Over the past week, Courtney from Feministing was taken to task for what some viewed as a privilege blind post where she mentioned what her life looked like for those who were interested. She posted what, in my eyes, was a very well thought out follow up post and was still taken to task for not elaborating how she handles her privilege in the real world. I felt defensive for Courtney, mostly because I hold many of the same privileges she does. I came from a white, upper-middle class family. I had both college and graduate school paid for by my parents, was lucky enough to find a full-time job relatively soon after graduating, can afford a duplex with two dogs and have free time to consider blogging a hobby as well as playing Animal Crossing on my Wii. To say I have privilege is quite the understatement of the year.
I believe blogging is important work and I believe that it helps get the word out to those who have never heard of feminism or wouldn’t even know where to look to find feminist movements and organizations to join. However, every single one of us has some privilege. It’s easy to call someone out for not wording things correctly in a post, or not acknowledging one’s privilege (and I believe that should be done.) But still, if you’re writing a blog or even commenting on one there is definitely some privilege going on. I mean you have the time and/or the resources to spend on the Internet looking up feminist blogs. You have the free time (or work time) to follow conversations and research links to make your point when some MRA fool comes trolling. However, there are plenty of people who have less privilege out there that can give two shits if too feminists are arguing over a blog post because that’s not their world, that is not what they deal with on a daily basis and to them I can imagine we sometimes seem silly. Arguing over a world they don’t have the time or energy to be concerned with because they are trying to make ends meet, or live in an area where internet access is not readily available, or are dealing with much more trying issues.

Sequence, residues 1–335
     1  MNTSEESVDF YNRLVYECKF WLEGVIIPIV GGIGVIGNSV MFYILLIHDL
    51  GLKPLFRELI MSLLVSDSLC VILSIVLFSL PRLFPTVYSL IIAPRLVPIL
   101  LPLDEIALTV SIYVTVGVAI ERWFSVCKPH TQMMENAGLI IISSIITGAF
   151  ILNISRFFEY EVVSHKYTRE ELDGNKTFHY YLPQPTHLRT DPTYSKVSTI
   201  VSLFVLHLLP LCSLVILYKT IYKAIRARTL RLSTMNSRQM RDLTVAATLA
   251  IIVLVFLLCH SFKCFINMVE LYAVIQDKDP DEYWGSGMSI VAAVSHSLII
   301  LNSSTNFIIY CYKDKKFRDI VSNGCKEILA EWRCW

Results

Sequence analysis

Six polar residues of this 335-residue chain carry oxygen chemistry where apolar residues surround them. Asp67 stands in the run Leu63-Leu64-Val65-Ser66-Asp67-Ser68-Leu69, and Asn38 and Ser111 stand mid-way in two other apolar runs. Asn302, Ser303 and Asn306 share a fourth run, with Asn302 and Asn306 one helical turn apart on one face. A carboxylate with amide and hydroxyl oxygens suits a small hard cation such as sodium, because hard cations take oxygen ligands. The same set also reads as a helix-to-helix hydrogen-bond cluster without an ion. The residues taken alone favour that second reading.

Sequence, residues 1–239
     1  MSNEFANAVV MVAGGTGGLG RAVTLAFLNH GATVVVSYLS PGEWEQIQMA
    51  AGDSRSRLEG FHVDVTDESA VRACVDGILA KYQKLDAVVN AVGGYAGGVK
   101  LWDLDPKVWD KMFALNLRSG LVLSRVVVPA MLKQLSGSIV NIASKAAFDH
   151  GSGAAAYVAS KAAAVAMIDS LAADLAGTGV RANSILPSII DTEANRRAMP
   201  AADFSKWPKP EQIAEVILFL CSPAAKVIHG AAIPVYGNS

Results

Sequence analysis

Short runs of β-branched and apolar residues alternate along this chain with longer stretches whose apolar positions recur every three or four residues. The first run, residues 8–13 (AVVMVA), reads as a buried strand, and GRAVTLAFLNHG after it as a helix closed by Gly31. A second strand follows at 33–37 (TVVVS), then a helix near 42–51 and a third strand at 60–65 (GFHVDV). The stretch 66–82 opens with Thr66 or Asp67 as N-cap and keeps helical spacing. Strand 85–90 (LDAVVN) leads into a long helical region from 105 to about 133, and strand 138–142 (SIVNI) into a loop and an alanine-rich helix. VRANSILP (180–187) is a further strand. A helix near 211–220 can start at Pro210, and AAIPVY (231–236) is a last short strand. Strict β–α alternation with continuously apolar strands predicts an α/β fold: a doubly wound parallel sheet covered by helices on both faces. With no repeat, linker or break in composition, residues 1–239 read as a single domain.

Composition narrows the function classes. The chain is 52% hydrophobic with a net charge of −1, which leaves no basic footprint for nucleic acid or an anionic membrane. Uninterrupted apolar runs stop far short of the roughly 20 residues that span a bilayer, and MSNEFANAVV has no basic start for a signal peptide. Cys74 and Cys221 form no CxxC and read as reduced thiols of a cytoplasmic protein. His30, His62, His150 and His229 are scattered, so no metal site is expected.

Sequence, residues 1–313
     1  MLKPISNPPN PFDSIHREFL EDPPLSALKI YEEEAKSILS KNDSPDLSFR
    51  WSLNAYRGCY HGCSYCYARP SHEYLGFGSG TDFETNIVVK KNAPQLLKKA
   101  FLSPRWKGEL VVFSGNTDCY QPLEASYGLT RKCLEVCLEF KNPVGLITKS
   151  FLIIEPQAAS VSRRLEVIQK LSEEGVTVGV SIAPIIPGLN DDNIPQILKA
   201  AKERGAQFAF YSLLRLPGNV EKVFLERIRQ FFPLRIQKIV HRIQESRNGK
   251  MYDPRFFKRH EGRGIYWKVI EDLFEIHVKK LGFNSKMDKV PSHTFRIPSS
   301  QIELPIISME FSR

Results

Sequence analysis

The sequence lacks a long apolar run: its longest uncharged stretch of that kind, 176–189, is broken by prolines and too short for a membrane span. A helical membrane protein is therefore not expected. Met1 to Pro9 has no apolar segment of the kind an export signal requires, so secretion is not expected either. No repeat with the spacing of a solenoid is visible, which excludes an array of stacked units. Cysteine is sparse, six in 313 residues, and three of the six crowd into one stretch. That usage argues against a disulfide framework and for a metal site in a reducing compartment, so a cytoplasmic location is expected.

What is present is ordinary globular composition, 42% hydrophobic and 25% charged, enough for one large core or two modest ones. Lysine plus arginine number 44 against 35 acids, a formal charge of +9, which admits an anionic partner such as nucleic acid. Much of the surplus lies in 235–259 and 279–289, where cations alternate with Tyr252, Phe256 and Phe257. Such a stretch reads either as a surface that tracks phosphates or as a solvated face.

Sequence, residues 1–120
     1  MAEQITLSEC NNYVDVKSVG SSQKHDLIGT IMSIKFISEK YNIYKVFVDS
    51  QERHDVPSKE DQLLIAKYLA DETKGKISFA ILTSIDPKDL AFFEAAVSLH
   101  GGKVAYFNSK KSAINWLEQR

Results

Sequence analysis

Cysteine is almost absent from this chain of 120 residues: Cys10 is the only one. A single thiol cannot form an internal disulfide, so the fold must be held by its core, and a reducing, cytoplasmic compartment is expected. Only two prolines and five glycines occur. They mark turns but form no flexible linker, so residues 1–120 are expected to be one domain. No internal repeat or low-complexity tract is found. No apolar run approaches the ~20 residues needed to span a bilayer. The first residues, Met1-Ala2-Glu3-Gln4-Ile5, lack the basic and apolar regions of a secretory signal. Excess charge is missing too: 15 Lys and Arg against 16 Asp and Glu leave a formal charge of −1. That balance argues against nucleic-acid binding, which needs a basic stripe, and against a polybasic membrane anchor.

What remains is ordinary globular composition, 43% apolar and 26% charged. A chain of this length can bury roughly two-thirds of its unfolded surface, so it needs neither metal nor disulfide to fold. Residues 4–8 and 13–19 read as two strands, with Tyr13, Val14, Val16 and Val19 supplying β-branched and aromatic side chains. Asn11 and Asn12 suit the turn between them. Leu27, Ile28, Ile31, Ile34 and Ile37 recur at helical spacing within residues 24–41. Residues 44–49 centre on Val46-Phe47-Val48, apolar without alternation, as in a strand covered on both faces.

That is why; I have to make sure I’m not just an ally in the blogging world. Sure it may give me feminist blogging cred and get me linked to some of the bigger sites, but none of that means shit if I’m not walking the talk when I’m out there in the real world. It means more than shaking my head an unearned privilege and then blogging about it later. It means calling people out even if it makes me uncomfortable or can affect MY life because not saying something is more damaging. It means when I hear slut shaming at my work I speak up, it means when I hear about people complaining that a handicap person using our facilities make things more difficult I remind them that their inconvenience is mild and they should check themselves. I’m working on it but I’m not perfect and there are times when I probably hide behind my privilege that needs to stop. It means that when this blogging drama raises it’s head I can remember that, like someone said on Feminste:
The hilarious thing to me about this whole argument, is that we’re probably all a bunch of white folk arguing about who is more racist. Maybe we’re not the best people to decide this argument.”